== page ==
What are topographic maps?
Using the maps that we’ve looked at so far we are able to tell the general shape, direction, and distances between points on the Earth. However, these maps can’t help show us what the land actually looks like. If we want a real sense of how an area looks we have to use a topographic map.
Topographic maps show us how the land actually looks by showing us the elevation.
Elevation is a measurement of how high or low a point is compared to sea level.
elevation of sea level= 0
How do we show elevation on a map?
Topographic maps show elevation using contour lines.
Contour lines are lines that connect points of equal elevation.
Every point on a contour line has the exact same elevation. For example, any point you choose on the 700m contour line in the diagram to the right has an elevation of exactly 700m.
The amount of difference between each contour line is called the contour interval.
In the topographic map to the right, the contour interval is 20 m. This means that each contour line is 20m different from the lines next to it.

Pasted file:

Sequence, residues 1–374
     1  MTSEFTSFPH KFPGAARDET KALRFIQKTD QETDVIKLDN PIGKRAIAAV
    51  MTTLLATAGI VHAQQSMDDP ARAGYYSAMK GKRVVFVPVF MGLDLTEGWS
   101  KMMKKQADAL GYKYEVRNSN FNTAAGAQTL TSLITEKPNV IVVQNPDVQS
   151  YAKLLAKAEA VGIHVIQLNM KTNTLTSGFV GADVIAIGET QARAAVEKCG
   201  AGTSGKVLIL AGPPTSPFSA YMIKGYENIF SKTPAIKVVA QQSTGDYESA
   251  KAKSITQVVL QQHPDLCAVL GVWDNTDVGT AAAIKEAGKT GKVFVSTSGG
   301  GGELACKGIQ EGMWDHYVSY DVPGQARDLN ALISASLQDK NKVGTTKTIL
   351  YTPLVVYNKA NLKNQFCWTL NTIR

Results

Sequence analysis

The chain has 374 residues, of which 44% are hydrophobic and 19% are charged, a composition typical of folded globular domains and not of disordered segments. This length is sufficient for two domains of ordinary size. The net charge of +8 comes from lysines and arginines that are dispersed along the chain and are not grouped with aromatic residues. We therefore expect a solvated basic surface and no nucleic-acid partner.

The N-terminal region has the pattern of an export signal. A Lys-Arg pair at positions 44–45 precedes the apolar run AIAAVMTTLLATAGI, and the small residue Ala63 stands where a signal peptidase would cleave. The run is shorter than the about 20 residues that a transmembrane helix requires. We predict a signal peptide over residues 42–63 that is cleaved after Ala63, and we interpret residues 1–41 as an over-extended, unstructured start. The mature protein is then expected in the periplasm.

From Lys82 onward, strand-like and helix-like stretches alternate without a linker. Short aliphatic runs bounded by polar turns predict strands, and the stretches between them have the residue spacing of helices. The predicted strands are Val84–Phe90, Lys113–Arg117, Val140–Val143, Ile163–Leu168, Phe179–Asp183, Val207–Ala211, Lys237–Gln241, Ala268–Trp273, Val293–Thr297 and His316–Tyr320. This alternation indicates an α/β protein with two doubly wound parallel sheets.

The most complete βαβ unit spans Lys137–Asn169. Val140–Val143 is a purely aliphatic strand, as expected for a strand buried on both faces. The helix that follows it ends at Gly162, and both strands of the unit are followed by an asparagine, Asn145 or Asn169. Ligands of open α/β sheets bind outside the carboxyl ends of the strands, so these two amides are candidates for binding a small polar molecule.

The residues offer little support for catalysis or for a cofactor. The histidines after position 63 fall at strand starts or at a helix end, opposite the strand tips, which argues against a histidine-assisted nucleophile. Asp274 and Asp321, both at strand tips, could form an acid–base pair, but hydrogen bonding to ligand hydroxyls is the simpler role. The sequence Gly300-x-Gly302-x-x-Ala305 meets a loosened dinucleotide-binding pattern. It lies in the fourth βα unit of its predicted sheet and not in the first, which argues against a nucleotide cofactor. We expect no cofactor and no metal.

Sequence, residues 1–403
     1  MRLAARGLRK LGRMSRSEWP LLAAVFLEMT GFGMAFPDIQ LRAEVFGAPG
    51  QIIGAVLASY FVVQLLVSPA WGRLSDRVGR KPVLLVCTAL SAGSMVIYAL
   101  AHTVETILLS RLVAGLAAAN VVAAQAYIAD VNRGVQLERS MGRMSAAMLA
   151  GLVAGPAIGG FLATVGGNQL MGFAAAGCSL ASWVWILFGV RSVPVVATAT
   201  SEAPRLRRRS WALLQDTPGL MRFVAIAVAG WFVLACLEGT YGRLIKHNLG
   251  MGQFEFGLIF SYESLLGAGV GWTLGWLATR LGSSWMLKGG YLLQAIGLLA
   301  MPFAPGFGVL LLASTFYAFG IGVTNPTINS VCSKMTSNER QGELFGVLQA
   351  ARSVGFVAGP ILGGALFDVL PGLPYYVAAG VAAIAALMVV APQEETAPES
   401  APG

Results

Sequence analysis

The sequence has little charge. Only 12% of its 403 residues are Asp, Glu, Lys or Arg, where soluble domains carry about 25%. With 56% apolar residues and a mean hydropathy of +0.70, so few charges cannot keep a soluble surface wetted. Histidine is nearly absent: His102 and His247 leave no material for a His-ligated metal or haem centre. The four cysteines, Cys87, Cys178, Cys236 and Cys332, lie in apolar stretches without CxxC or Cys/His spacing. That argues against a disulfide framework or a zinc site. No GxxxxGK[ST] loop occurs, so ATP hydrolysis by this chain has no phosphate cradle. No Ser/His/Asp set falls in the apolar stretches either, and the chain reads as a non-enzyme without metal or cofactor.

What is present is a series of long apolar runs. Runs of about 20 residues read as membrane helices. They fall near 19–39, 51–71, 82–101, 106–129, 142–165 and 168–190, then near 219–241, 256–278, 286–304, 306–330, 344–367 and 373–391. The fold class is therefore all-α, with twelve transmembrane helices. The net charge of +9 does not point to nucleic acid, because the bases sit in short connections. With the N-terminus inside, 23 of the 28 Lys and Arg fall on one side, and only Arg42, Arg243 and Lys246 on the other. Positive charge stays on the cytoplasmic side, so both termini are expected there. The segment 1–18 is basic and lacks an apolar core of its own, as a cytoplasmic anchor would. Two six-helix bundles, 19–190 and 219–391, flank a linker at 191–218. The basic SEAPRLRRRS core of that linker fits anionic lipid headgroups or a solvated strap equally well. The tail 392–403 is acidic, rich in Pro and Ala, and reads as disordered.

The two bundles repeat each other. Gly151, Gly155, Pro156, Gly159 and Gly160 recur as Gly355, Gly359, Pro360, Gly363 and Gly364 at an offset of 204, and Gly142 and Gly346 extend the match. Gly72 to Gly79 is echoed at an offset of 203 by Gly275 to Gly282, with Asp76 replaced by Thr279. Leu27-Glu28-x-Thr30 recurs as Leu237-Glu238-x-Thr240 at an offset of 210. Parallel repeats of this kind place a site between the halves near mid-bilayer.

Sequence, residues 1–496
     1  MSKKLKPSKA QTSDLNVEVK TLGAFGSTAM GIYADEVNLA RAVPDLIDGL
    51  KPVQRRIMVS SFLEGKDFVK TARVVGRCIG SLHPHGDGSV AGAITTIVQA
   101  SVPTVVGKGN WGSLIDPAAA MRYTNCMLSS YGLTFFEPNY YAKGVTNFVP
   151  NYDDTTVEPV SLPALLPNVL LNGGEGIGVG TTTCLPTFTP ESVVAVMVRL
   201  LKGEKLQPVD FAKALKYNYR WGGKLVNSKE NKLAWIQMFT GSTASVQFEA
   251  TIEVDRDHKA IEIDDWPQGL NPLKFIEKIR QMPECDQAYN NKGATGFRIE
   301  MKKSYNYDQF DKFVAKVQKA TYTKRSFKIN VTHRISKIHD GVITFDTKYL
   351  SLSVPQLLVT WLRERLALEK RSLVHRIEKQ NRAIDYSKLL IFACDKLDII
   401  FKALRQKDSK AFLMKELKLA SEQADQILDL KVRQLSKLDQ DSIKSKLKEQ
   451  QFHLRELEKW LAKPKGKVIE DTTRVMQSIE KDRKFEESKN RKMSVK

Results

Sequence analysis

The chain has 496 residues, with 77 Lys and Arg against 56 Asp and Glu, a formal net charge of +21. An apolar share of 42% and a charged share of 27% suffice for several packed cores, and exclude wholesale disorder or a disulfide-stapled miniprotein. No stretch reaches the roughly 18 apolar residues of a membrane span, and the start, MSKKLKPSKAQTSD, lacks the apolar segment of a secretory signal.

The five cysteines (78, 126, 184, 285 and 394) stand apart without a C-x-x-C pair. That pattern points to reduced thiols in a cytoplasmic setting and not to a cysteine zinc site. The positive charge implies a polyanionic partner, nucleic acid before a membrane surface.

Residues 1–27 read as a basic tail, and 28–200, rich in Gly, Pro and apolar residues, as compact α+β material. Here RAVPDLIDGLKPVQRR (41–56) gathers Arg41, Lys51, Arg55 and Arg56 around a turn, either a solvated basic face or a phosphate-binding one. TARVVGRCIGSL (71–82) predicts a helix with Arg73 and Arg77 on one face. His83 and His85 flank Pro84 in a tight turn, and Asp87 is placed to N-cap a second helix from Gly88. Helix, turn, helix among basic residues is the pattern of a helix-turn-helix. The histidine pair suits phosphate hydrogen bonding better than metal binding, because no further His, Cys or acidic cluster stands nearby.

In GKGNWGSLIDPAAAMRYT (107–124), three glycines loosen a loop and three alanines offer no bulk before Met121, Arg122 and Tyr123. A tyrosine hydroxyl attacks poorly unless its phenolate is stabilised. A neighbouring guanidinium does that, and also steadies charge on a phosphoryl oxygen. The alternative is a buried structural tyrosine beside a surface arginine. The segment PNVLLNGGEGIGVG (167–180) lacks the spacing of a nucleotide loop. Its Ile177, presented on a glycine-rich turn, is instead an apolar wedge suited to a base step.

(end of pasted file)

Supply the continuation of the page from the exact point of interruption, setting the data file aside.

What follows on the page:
Within any topographic map the contour interval must remain constant, meaning it never changes.
Drawing Contour Lines
Sometimes you will be asked to draw your own topographic maps. This means you will have to draw the contour lines yourself. Drawing contour lines is easy, but they must be drawn following specific rules:
Rules for Drawing Contour Lines
1. Contour lines must connect points of the same elevation.
2. Contour lines can NOT touch each other.
3. Contour lines can NOT intersect.
4. Contour lines must be pretty, they can never have sharp points or corners.
5. Contour lines can NOT dead-end in the middle of a map, they must form a circle or flow off the map.